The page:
Regional Reviews: Boston
Buyer & Cellar
Also see Nancy's review of The Snow Queen
The one-man, one-act comedy eschews the fourth wall as Alex More, an out-of-work L.A. actor, takes the audience into his confidence to tell his story of getting hired as Streisand's singular staffer. Although he is not an ardent fan (an oddity for a gay man), Alex harbors a desire to bond with "the lady of the house" and they do form an unlikely friendship during his employ. However, even as she reveals snippets of her private persona and psyche, Alex gains insight into his own foibles and proclivities and learns important life lessons.
Phil Tayler is the one man who commands the stage and holds us rapt for 100 minutes, even when the material flags a bit in the late going. Tayler's work is well known at the Lyric (this is his 10th anniversary production), but Buyer & Cellar is a huge challenge, requiring the actor to convey several characters while alone on the stage, relying on himself to be his own scene partner. As Alex converses with Barbra, her imperious house manager Sharon, or his effeminate boyfriend Barry, it gets a little schizophrenic at times, but Tayler seamlessly shape shifts and alters his speech pattern to clearly differentiate the two people in the scene. He doesn't "do" Barbra, per se, but Tayler lets us feel how Alex experiences herby her body language and mannerisms, as well as by Alex's facial expressions registering delight, boredom, excitement, rapture, resignation and many more.
Despite the fact that the play could use a little trimming, the conceit only slightly overstays its welcome and, on the whole, Tolins' writing is funny and clever and tells the story well. Tayler's energy and charisma remain high-level throughout, and Courtney O'Connor's direction sets the tone and pace. Her blocking has Tayler constantly moving around the stage, making eye contact with all three sections of the audience, and rearranging furniture to indicate location changes. Lighting designer Chris Brusberg indicates Barbra's "arrival" into the room by the beam of a spotlight, and helps distinguish the settings by brightness in the mall and warmer, lower lighting in the residences. The scenic design by Anthony R. Phelps is simple and tasteful: white-on-pale yellow walls with a chair rail, a room divider with stately columns, tile flooring, teakwood chairs with linen cushions, and a drink trolley. Tayler's outfit of magenta shirt, fashionably-worn blue jeans, and grey desert boots is pulled together by costume designer Rafael Jaen, and sound designer David Remedios gives us just a taste of the diva's voice at the top of the play and perfectly synched doorbells whenever she visits the mall.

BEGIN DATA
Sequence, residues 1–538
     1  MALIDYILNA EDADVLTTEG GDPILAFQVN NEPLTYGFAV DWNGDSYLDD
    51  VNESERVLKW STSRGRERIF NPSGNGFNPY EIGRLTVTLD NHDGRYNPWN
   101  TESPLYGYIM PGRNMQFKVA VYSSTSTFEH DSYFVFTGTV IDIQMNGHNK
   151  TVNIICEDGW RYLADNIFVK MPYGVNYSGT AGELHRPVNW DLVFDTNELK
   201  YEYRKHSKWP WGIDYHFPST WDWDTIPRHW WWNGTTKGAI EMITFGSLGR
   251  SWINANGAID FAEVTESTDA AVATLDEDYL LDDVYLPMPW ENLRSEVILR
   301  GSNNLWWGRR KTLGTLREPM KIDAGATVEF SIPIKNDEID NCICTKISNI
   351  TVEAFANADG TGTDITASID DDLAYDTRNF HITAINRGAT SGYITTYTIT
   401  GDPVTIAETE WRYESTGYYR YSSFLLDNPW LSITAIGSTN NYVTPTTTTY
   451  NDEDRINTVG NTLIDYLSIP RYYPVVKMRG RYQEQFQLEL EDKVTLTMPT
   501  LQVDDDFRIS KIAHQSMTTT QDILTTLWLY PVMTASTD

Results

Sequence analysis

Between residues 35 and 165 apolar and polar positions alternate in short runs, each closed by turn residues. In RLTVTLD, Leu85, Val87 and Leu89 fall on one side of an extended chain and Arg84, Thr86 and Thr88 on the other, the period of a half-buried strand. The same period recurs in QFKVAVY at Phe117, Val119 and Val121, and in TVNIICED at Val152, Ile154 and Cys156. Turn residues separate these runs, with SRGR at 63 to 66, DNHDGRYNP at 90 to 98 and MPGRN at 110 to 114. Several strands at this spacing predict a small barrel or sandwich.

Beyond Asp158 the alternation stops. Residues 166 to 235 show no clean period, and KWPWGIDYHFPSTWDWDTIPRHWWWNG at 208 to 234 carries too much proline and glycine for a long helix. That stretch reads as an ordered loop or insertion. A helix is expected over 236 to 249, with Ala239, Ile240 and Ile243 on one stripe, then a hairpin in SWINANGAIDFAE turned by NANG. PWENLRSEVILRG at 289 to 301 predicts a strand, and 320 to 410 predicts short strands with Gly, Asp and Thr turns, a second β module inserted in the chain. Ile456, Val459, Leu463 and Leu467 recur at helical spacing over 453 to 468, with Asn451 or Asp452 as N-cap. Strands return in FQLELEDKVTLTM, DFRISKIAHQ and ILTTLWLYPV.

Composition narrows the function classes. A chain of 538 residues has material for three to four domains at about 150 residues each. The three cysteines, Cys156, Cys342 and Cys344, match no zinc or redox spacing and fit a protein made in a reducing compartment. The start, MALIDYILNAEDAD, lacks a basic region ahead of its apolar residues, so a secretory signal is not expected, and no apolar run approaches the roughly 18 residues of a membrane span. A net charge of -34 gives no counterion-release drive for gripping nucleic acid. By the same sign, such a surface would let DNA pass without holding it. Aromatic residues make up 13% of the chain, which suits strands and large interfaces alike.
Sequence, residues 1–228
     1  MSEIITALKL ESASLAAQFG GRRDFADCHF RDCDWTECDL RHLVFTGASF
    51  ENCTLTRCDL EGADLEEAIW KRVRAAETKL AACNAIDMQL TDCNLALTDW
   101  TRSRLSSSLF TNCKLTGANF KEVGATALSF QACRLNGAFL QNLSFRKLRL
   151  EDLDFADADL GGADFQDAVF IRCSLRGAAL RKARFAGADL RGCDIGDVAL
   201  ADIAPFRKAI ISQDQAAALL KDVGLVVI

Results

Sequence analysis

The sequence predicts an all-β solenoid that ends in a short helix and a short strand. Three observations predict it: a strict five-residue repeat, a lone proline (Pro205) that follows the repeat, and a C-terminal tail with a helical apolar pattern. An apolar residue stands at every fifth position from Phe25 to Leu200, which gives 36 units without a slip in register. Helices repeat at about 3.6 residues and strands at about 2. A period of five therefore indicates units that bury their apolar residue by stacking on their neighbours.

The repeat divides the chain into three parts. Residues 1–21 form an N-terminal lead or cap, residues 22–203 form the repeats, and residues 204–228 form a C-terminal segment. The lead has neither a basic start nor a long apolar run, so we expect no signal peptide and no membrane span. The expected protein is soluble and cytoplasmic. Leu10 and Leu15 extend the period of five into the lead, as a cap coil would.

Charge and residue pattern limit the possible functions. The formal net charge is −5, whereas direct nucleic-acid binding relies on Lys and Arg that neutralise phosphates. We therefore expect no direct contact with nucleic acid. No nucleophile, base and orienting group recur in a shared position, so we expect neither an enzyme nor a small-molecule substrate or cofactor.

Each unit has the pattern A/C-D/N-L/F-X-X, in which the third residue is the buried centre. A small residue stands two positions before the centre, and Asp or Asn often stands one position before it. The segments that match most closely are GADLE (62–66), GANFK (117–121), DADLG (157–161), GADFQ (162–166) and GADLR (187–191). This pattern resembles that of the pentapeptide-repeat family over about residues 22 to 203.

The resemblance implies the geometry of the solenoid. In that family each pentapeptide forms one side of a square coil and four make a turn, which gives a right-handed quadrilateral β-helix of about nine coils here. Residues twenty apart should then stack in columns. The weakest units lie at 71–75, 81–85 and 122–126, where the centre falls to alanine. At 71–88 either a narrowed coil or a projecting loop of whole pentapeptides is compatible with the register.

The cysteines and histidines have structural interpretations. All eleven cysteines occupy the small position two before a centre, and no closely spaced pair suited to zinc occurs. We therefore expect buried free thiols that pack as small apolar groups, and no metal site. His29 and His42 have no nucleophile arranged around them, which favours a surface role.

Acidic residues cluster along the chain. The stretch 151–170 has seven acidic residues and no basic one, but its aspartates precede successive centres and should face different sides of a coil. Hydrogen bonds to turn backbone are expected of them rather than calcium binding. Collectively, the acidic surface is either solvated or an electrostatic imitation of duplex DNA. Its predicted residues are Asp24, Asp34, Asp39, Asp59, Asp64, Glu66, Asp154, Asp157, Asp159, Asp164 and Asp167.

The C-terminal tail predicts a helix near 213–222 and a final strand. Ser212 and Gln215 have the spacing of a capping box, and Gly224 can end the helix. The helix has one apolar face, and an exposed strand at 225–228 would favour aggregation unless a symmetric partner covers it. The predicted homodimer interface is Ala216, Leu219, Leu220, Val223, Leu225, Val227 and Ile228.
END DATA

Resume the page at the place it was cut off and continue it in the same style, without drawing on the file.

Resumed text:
A solo show is a lonely endeavor, but Buyer & Cellar is clearly a team effort with the tandem of O'Connor and Tayler. His may be the only name on the cast list, but he never seems to be the only person on the stage. Their appearances are brief, but we also get sightings of Bea Arthur, Oprah, Arthur Laurents and James Brolin, in addition to Barbra, Sharon, Barry and Alex. In his prologue, Alex explains that he is an actor and none of this is real (except for the existence of the shopping mall), but that doesn't stop the audience from buying what he is selling.
Buyer & Cellar, performances through January 3, 2016, at Lyric Stage Company, 140 Clarendon Street, Boston, MA; Box Office 617-585-5678 or www.lyricstage.com.
Written by Jonathan Tolins, Directed by Courtney O'Connor; Scenic Design, Anthony R. Phelps; Costume Design, Rafael Jaen; Lighting Design, Chris Brusberg; Sound David Remedios; Production Stage Manager, Nerys Powell; Assistant Stage Manager, Bridget Anderson
Featuring: Phil Tayler